GERMANY: Proposals to significantly reduce the use of diesel traction in favour of low-emission alternatives have been presented to the Bayern cabinet by Land Transport Minister Joachim Herrmann.
The Bayerische Elektromobilitäts-Strategie Schiene (BESS) is intended to support the federal government’s 2050 climate targets, and to make rail a more attractive option for passenger and freight transport. ‘Electric-powered trains are more environmentally friendly, quieter, more efficient, require less maintenance and, on the whole, are significantly cheaper than diesel trains’, said Herrmann on January 23.
The federal transport strategy includes medium term plans for electrification of inter-regional routes in Bayern, but the Land would also like to see local lines electrified. It has identified seven priority routes, selected through a cost-benefit analysis which looked at traffic levels and the ability to reduce the use of diesel on already electrified routes and in urban areas. These are:
- Aschaffenburg – Miltenberg including the Aschaffenburg Hafenbahn (43 km);
- Ebersberg – Wasserburg am Inn (19 km);
- Holzkirchen – Lenggries, Schaftlach – Tegernsee and Holzkirchen – Bayrischzell (84 km);
- Simmelsdorf-Hüttenbach – Neunkirchen am Sand (10 km);
- Kaufering – Landsberg am Lech (5 km);
- Markt Erlbach – Siegelsdorf (18 km);
- Neu-Ulm – Memmingen – Kempten including Senden – Weißenhorn (94 km).
The cost of this package is put at €600m.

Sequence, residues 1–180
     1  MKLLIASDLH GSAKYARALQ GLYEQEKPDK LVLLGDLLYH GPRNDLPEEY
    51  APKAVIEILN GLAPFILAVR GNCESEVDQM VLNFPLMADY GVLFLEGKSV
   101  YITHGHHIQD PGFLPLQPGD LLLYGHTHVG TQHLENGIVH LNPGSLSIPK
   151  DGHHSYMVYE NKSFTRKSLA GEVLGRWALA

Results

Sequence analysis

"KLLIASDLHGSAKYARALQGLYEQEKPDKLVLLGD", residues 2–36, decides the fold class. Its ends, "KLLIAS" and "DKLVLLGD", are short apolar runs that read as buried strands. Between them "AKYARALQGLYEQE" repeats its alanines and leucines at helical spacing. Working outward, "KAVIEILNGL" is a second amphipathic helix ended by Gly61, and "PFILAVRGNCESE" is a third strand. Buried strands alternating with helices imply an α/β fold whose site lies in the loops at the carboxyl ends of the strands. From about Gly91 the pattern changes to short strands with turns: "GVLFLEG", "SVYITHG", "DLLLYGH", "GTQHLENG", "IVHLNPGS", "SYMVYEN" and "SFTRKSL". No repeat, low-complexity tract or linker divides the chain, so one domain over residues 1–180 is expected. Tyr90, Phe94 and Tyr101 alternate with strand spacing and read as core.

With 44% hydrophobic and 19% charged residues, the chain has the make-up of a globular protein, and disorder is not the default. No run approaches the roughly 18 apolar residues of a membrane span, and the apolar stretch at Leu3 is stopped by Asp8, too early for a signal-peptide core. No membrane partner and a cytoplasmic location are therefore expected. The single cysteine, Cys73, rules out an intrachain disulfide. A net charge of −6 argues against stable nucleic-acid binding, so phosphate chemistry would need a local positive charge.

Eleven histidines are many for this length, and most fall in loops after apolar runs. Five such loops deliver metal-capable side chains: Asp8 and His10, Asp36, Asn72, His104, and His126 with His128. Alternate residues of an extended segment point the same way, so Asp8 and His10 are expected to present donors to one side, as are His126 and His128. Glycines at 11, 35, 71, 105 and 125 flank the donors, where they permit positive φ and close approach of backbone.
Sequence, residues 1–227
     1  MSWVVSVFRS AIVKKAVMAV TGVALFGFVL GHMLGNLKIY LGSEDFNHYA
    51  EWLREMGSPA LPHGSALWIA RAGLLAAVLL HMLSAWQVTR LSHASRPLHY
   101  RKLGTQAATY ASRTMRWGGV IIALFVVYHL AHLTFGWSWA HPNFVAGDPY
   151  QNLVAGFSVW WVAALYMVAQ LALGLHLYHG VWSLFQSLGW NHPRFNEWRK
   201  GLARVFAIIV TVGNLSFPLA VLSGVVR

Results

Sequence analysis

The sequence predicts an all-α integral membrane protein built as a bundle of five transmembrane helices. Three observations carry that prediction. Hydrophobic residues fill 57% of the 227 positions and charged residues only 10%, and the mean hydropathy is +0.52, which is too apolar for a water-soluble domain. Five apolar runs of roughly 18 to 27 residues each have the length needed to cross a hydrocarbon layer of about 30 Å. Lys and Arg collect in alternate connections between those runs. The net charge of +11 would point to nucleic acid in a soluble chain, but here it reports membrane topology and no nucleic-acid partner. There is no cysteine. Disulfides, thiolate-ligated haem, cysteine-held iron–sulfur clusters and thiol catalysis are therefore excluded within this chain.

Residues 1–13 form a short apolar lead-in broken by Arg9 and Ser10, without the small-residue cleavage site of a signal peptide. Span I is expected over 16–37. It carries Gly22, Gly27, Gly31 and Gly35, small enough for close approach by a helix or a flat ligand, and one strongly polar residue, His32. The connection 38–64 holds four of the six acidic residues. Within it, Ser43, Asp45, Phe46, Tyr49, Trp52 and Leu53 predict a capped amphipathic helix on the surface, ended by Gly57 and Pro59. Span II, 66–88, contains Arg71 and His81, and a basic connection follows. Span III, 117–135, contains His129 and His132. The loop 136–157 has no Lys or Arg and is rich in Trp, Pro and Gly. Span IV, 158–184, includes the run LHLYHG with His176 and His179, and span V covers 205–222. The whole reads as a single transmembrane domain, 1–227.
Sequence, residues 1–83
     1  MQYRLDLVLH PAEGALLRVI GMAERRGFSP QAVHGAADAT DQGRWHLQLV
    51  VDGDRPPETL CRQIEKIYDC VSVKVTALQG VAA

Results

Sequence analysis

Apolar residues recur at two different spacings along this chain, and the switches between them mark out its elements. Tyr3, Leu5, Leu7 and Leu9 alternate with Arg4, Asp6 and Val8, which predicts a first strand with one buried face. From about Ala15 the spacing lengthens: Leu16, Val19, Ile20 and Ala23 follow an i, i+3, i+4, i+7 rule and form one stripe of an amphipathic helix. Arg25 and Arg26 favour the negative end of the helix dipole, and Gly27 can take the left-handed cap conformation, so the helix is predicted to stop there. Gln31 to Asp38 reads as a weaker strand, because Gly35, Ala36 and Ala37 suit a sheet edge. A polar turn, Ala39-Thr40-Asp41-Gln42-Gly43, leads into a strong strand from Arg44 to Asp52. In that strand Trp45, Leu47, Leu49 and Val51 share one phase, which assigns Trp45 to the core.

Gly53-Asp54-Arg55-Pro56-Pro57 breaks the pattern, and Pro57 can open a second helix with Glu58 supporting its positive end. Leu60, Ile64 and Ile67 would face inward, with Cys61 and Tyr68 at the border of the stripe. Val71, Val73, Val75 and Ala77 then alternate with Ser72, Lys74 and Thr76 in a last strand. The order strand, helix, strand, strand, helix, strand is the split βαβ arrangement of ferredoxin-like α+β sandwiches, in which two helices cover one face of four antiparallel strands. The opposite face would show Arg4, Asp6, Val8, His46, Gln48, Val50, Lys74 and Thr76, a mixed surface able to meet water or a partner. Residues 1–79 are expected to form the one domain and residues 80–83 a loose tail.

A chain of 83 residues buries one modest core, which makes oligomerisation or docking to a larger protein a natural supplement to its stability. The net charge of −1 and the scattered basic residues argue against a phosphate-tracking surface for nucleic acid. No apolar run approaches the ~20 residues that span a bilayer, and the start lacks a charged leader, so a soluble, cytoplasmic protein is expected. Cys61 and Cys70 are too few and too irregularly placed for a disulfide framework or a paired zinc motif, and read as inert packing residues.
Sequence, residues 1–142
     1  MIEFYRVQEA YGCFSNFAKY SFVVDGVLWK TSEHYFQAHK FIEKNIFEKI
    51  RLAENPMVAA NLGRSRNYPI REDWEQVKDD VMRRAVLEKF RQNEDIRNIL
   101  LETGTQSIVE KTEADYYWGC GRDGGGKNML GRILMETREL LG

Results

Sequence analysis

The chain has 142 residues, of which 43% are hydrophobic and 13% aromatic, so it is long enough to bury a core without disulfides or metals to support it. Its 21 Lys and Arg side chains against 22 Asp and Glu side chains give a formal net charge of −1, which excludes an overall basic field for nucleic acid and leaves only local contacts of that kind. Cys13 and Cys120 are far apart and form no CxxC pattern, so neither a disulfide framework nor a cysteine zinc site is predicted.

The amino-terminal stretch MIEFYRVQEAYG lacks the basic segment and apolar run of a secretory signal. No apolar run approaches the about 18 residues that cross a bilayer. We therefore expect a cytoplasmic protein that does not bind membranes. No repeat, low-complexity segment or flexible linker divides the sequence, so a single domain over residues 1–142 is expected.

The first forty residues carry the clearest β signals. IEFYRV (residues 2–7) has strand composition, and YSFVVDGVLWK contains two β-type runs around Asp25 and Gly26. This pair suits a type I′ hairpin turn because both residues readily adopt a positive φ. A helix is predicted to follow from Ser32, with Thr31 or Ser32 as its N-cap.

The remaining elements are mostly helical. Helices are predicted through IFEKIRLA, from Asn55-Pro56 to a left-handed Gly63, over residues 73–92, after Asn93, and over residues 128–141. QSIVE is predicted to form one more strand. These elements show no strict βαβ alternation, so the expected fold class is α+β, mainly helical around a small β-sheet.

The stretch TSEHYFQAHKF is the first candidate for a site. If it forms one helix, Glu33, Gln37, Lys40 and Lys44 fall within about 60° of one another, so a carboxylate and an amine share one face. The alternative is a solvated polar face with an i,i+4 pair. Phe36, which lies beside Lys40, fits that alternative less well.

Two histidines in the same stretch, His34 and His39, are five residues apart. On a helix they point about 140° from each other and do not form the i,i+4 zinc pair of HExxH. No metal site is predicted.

The Land also intends to finance a pilot projects to assess the viability of ‘innovative’ traction technologies which could reduce emissions on routes which are not yet designated for electrification. The proposals include:
- Eco DeMe Train, an ‘eco diesel-electric multi-engine train’ where a diesel locomotive would be accompanied by a pantograph-equipped trailer which would feed it with electrical power on sections of line with overhead electrification, enabling bimode operation on the Mühldorf – München route;
- Eco Train, an overhead electric/diesel/battery hybrid proposed for the Schöllkrippen – Hanau route;
- Overhead and battery power on the Ebern – Bamberg and Gunzenhausen – Pleinfeld lines and the Bayern Oberland network;
- Electro-diesel operation on the Bogen – Straubing – Radldorf – Neufahrn (– Landshut) route;
- Hydrogen fuel on the Augsburg – Füssen and/or Eichstätt Bahnhof – Eichstätt Stadt routes.
The Land Transport Ministry said around 3 200 km of the 6 700 km of public railway in Bayern is currently electrified, and work is underway on the München – Lindau route for completion by 2021.